Controlled Poison: A Brief History of Pesticides
It’s a universal truth that the strong survive. Those who adapt best to their surroundings contribute more to the gene pool by being stronger, more resilient, and having more offspring. This has been a selective force in nature since the beginning of time- and one often influenced by occasionally random events (earthquakes, floods, asteroid strikes).
Human beings took a step beyond these random reactions to their environment when they began agriculture. They chose certain plants to artificially protect and nurture, and then they again chose certain descendants of those plants to continue the process. Choosing to foster a crop that could produce large yields, or withstand cold/heat started to manipulate the environment- and it made sense. Having at least part of your food planned out in advance must have been a great comfort to ancient humankind. Considering that it has been a feature of multiple civilizations for thousands of years, it has definitely paid off.
The only problem is keeping other things from eating our food while it’s growing.
Humans have incorporated chemical deterrents to their food crops for millennia, stretching all the way back to ancient Mesopotamia. As time passed and human knowledge expanded, our usage of these deterrents, these ‘pesticides’ has changed and developed as well.
From sulfur to arsenic, mercury, and lead our crops have been treated to kill unwanted insects, animals, weeds, and fungi for generations. As our population has expanded, the need for greater and more nutritious crop yields has put more pressure on our farmers. By treating their fields, they not only protect their investments, they also defend against potential famine.
That’s a rather terrifying amount of responsibility.
The crux of the problem lies here: how much are pesticides strictly necessary, and how much constitutes poisoning to the general public? Where and what lines do we draw between protecting our species and polluting our environment?
Are pesticides good or bad?
There are no easy answers here.
What Is A Pesticide?
Just to complicate matters more, the word ‘pesticide’ covers an immense group of toxic chemicals- not all of which are intended for agricultural purposes. A ‘pest’ in this sense could be an undesirable plant, animal, fungus, or microbe. Bug spray is a pesticide. So are ant bait traps you find in many households.
Even more confusing is the way language is used to describe these compounds. ‘Synthetic’ chemicals are ones that are strictly man-made. ‘Organic’ chemicals aren’t necessarily harmless, natural ones- they’re simply ones that contain the element carbon. ‘Organic farming’ has given a confusing secondary definition to this term- but organic pesticides can be every bit as dangerous as synthetic ones. ‘Natural’ pesticides also exist- and even though they are naturally occurring chemicals, they are as regulated and monitored as the artificial ones.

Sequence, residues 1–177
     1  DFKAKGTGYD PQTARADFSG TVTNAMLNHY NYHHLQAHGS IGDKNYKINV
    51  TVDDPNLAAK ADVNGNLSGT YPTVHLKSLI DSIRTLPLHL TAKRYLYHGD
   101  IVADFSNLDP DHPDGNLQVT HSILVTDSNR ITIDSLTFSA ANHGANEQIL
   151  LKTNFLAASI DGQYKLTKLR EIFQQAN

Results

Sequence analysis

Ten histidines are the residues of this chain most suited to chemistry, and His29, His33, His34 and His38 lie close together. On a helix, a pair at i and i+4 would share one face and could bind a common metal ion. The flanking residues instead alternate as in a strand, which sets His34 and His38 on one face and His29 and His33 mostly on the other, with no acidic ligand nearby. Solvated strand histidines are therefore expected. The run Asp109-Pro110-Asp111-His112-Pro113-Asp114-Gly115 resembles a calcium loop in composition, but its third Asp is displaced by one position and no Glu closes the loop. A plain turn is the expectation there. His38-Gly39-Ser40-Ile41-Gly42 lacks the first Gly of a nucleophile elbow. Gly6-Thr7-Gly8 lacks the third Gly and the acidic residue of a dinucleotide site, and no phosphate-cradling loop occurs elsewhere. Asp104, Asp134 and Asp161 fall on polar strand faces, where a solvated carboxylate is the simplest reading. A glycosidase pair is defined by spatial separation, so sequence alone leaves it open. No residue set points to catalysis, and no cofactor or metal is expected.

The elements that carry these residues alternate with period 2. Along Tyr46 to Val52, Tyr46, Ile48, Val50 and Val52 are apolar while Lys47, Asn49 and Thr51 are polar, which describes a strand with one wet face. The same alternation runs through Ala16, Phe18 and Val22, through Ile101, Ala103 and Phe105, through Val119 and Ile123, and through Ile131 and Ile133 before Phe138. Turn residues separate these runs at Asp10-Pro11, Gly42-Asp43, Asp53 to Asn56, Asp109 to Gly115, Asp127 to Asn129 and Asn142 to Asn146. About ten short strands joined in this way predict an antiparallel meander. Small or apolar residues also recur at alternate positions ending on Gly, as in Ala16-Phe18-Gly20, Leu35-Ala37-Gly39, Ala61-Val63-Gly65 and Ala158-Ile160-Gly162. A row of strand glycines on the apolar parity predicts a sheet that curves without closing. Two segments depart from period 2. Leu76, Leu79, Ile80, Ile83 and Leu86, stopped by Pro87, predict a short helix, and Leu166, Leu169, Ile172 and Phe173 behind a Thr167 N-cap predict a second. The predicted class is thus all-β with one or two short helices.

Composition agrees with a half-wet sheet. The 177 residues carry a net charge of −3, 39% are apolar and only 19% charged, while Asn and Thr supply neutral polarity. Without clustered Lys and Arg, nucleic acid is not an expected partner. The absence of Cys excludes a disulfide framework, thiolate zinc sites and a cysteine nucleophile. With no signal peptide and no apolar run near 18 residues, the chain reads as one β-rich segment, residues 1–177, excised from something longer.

These chemicals can have some terrifying effects on our bodies and our environment. That doesn’t mean they’re all bad. It also doesn’t mean that using them excessively is a great idea either. To get a better idea of the implications of their usage, a little background is needed. We need to meet Paul Muller.
Who Is Paul Muller?
Here’s one of those pivotal moments in history. Next to no one knows who Paul Muller is- though he and his discovery are justifiably famous. He’s no other than the Nobel Laureate for Medicine and Physiology for 1948. A learned man, certainly- and a talented scientist. One who is singlehandedly responsible for saving millions of lives. Sort of.
Yup. He got a Nobel Prize for that- but context is everything here. At the time, discovering a cheap, easily made pesticide that didn’t wash off and (apparently) didn’t harm mammals was nothing short of miraculous. It was used in agriculture, resulting in larger yields. It was used to de-louse soldiers in World War II. It didn’t need to be constantly re-applied. Here’s the kicker- and the reason why Muller won the Nobel Prize:
Added to a water supply, it killed mosquitoes.
Now, this is largely a nuisance in North America- but it had an immense impact on the undeveloped world, where mosquitoes can carry a deadly cocktail of malaria, dengue fever, sleeping sickness, and yellow fever (just to name a few). Yearly, between 1 and 3 million people die from malaria alone. DDT was a miracle.
Until it wasn’t.
DDT (dichlorodiphenyltrichloroethane) belongs to one of three main families of pesticides; in this case, organochlorines. Most of these pesticides have been proven to be highly toxic to not just the target insects, but also to all vertebrates as well. In light of this evidence, DDT is now largely banned worldwide, with just a very few (malaria-ridden) exceptions in the third world.